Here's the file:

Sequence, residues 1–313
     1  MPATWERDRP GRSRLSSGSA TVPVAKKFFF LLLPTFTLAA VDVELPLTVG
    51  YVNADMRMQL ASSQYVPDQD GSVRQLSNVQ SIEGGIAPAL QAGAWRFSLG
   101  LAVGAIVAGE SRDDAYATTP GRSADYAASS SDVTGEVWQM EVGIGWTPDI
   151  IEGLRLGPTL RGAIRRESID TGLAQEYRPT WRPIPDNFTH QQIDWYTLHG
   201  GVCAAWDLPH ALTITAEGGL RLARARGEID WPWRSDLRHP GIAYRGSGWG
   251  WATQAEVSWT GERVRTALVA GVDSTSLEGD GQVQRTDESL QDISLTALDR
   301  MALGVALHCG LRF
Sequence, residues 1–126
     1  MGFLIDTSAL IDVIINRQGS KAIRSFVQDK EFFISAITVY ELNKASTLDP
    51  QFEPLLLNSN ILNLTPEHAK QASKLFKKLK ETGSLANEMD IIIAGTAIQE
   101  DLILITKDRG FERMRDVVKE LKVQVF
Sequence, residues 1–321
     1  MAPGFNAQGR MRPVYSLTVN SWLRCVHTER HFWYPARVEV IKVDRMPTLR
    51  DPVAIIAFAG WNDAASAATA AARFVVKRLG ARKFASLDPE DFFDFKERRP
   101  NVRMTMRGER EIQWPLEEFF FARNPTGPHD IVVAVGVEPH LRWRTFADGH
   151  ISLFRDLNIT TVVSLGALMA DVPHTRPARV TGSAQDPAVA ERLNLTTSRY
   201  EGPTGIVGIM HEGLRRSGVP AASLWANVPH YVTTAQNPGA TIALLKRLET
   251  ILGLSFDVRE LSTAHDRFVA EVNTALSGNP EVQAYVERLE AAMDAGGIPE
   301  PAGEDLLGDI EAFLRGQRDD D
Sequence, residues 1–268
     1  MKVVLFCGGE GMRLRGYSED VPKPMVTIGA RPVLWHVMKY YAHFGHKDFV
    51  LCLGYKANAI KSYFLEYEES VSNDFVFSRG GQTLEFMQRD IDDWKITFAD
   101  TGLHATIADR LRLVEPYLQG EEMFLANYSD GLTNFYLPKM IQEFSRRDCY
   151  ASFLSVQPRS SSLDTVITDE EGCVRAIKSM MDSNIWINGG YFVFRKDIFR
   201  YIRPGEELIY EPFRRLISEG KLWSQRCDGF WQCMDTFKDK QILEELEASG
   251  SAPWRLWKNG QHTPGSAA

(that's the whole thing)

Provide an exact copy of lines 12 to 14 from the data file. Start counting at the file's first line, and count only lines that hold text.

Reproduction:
   101  DLILITKDRG FERMRDVVKE LKVQVF
Sequence, residues 1–321
     1  MAPGFNAQGR MRPVYSLTVN SWLRCVHTER HFWYPARVEV IKVDRMPTLR